Côte d’Ivoire enjoys amicable relations with the major world powers, with no outstanding bilateral issues. During the cold war, Côte d’Ivoire generally favoured the West and had no diplomatic ties with the USSR from between 1969 and 1986. It is a member of the UN and most of its specialised agencies. The international community generally sided with presidential candidate Alassane Ouattara during the civil war that followed the post-election crisis of 2010. Therefore, the eventual ascendency of Ouattara to the presidency supported a rapid normalisation of relations. Recent years have seen Côte d’Ivoire play an increasingly visible role in the diplomatic sphere, with government officials working to strengthen ties with major global powers.
Côte d’Ivoire sought to maintain close relations with France after independence. Multiple political, commercial and cultural ties testify to the former colonial power’s enduring legacy. First among these is French, which is the official language of the nation. Monetarily, the West African CFA franc was formerly pegged to the French franc but is now has a fixed exchange rate with the euro. Furthermore, the country chose to base its legal system on that of France.
A treaty was signed between the France and Côte d’Ivoire on April 24, 1961, which provides for the stationing of France’s 43rd Marine Infantry Battalion in Port Bouet, located near Abidjan airport. This accord became a source of bitterness during the civil war, when the former Ivorian government criticised France for failing to help them recapture rebel-held areas. However, France’s role in supporting Ouattara’s rise has ensured that Franco-Ivorian relations have been strengthened under the president’s administration, with the European country becoming a key trading partner and source of foreign direct investment.
Relations between Côte d’Ivoire and the US have traditionally been friendly and close. In a bid to enable the former to move on from its crisis, the US provided more than a quarter of the funding for the UN’s post-crisis development operations. The US is also a key trading partner, importing considerable amounts of cocoa, oil, rubber, wood, and cashew nuts while exporting plastics, machinery, oil, agricultural products, vehicles, and iron and steel products. US investment in the country is primarily focused on oil and gas, banking, cocoa, health, and international courier services. A security agreement supports the professional development of Ivorian army officers. Côte d’Ivoire also benefits from preferential trade access to the US market under the Africa Growth and Opportunity Act.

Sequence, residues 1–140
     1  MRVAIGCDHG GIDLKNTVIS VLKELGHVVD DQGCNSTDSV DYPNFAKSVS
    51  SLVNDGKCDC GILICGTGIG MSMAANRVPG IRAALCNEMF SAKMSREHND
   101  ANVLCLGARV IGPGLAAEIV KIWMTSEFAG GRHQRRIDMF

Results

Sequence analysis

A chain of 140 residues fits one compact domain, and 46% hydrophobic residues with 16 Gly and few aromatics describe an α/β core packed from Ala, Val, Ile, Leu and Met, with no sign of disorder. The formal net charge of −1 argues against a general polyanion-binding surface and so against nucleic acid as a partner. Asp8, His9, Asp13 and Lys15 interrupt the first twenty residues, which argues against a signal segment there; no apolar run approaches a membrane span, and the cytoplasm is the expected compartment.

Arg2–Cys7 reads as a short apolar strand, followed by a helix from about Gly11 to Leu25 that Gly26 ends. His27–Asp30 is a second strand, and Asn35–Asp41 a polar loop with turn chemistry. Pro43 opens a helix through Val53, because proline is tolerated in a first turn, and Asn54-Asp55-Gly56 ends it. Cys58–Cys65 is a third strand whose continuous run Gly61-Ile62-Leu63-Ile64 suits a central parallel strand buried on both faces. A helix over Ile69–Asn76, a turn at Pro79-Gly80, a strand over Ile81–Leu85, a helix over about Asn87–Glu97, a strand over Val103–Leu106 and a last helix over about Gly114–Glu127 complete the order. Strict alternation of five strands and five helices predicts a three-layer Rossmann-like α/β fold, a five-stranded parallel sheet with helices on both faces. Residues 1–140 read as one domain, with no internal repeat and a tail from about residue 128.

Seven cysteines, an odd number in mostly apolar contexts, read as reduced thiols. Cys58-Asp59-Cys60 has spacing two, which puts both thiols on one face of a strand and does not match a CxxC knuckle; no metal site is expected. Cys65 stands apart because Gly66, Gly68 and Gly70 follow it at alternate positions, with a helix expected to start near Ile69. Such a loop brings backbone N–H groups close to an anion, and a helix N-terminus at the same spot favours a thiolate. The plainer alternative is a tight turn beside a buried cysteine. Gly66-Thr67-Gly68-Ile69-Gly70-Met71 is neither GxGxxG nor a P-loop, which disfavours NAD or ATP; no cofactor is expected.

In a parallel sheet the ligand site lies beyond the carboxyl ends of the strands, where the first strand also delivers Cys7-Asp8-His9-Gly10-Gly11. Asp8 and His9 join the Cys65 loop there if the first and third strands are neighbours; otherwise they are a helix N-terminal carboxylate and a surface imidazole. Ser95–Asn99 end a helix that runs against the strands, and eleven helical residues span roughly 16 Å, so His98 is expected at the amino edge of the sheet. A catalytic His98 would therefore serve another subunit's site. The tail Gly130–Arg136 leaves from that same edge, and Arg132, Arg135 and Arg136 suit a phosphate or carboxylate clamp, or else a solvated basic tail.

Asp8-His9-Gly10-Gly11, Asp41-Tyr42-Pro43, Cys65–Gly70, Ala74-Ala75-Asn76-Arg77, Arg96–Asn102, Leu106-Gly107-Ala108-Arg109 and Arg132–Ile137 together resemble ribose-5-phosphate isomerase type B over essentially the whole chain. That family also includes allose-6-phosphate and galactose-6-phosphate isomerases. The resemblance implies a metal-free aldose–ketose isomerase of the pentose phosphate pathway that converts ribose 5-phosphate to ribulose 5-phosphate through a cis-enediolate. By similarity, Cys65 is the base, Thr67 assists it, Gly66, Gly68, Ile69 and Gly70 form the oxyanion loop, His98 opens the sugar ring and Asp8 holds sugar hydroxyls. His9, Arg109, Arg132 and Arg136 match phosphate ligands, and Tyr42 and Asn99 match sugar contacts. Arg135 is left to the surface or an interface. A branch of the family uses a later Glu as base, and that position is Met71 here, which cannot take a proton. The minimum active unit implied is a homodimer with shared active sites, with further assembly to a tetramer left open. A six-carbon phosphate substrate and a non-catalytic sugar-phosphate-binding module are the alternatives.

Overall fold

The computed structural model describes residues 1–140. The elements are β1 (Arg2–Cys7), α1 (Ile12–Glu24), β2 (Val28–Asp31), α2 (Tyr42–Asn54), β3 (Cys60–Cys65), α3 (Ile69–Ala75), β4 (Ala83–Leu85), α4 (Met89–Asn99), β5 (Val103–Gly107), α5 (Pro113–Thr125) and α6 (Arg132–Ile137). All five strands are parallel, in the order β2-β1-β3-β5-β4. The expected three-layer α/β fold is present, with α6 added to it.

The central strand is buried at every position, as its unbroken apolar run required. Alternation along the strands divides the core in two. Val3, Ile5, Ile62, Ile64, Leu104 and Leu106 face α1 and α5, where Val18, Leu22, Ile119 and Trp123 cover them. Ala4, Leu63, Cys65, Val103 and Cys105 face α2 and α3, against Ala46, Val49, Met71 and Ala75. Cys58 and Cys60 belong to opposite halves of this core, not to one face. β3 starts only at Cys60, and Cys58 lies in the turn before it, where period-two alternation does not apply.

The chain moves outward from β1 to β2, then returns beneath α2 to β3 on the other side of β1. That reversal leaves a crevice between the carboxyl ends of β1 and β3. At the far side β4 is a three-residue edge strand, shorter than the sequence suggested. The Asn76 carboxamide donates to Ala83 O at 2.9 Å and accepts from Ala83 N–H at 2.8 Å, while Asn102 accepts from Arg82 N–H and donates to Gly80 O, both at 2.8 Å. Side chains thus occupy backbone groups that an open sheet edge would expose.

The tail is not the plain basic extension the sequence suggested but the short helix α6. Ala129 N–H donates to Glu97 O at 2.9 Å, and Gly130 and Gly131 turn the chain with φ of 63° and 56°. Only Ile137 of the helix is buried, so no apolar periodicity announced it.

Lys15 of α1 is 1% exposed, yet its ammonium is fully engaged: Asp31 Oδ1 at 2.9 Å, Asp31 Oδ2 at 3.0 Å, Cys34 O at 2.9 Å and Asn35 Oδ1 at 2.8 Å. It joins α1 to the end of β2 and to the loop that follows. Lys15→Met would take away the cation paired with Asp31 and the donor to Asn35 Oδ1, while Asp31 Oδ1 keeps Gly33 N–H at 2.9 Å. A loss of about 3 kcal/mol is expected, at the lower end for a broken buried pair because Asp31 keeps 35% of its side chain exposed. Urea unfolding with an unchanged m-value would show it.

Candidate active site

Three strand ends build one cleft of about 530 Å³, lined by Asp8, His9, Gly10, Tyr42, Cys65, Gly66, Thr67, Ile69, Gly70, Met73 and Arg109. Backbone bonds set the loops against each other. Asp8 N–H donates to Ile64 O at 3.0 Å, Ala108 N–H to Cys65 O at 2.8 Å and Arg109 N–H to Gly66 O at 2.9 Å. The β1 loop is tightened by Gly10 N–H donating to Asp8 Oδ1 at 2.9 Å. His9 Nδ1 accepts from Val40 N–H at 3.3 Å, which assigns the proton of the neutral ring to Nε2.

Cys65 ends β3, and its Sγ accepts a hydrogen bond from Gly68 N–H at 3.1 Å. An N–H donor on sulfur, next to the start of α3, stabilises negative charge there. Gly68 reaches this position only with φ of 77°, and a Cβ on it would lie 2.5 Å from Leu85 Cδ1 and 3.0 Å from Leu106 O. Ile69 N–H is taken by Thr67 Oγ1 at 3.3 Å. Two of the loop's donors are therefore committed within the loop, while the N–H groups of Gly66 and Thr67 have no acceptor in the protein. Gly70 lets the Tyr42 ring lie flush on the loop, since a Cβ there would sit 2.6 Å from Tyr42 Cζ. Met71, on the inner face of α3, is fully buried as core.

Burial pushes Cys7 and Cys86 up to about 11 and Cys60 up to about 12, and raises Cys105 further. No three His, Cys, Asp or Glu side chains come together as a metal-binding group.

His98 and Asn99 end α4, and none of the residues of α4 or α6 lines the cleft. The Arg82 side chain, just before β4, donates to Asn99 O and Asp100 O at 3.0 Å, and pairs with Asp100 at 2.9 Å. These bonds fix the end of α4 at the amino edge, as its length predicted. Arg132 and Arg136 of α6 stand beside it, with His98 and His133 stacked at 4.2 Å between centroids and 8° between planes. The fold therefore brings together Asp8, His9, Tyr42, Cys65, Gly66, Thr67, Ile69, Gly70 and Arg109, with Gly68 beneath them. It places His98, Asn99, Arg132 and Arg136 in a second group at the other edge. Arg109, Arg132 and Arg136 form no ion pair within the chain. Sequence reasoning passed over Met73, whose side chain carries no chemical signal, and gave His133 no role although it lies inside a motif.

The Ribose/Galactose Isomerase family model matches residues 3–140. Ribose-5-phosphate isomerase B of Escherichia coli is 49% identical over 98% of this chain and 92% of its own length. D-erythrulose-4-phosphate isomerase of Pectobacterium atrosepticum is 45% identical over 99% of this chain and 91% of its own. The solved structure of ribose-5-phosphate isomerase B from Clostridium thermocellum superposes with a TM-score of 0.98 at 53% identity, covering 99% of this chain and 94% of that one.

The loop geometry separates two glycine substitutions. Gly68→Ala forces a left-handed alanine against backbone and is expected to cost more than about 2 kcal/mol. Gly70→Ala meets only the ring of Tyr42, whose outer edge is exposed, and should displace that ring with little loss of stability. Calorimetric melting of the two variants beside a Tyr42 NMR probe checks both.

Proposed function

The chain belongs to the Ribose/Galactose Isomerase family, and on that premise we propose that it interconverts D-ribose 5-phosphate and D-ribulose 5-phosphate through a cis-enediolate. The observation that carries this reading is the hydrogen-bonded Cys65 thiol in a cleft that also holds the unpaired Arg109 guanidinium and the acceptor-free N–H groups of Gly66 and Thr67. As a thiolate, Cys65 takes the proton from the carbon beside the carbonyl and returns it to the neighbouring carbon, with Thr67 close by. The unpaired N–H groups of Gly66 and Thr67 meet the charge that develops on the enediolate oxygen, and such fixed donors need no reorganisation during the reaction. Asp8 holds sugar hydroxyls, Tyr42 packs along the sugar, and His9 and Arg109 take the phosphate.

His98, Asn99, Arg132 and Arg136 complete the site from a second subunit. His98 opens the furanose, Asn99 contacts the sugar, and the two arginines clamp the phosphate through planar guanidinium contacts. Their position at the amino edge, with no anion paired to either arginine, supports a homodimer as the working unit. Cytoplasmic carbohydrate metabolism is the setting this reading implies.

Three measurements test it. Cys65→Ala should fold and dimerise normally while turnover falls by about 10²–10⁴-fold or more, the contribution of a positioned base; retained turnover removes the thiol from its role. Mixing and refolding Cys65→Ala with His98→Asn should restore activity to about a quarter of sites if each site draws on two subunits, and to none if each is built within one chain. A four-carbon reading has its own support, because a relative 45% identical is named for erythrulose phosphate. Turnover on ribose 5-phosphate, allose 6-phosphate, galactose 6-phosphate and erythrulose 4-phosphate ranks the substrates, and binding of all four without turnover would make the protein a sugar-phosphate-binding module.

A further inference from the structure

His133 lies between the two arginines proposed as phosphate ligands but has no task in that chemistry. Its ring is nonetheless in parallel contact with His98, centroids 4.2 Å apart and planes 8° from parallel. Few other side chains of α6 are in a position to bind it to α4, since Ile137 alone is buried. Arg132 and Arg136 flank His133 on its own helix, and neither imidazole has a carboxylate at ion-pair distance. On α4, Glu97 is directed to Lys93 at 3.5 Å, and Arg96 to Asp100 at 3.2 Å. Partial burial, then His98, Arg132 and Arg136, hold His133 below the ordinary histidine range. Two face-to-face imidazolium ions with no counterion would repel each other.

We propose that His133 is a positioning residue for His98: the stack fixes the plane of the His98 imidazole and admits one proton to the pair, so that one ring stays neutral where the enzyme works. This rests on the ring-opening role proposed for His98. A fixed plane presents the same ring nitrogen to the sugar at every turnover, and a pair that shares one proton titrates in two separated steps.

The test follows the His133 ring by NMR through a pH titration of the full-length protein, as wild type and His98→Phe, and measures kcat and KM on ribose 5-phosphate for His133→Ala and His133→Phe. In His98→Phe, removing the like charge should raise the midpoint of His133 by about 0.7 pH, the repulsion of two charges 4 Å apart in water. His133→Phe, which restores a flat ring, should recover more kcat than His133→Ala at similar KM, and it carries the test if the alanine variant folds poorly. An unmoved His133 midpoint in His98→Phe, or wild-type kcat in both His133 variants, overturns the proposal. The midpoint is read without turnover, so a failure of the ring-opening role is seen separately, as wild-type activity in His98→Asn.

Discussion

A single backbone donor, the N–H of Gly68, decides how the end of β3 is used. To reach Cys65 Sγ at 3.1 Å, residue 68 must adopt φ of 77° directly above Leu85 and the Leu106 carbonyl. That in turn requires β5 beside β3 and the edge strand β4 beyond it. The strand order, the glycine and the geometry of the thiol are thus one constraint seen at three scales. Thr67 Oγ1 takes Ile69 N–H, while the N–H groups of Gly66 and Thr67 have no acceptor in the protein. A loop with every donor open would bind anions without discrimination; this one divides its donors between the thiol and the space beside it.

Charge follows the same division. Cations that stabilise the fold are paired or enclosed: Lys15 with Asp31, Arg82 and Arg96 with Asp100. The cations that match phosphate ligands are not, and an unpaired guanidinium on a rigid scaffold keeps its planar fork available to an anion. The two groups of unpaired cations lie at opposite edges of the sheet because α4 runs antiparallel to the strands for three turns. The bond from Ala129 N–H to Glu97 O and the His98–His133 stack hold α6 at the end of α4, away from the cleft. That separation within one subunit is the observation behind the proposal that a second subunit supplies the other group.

Côte d’Ivoire established diplomatic relations with China in 1983. In accordance with its wider investment goals in resource-rich West Africa, China has financed numerous development projects in the country. On June 30, 2017, Côte d’Ivoire’s prime minister attended the opening ceremony of the Chinese-built Soubré hydroelectric power station. The project cost approximately $572m, of which 85% was financed by China and 15% by Côte d’Ivoire. Another important project is the expansion of the Port of Abidjan, at an estimated cost of $1.12bn. Other construction projects include the Abidjan-Grand Bassam motorway, the new Olympic stadium in Abidjan, as well as hospital and water infrastructure and a new industrial zone.
The EU is the country’s largest trading partner and its main private investor. Their political and economic relations are covered by the Coutonou Agreement. Signed in June 2000 the deal is the most comprehensive extant partnership between the EU and developing countries in Africa,the Caribbean and Pacific, and is designed to consolidate development and cooperation.
An economic partnership agreement (EPA) between ECOWAS and the EU was completed in 2014, the culmination of a decade of trade negotiations between the two blocs. The EPA elimination of 75% of tariffs from the region over a 20-year period, with the EU committing to provide €6.5bn in development aid to help ECOWAS member states integrate with the global economy.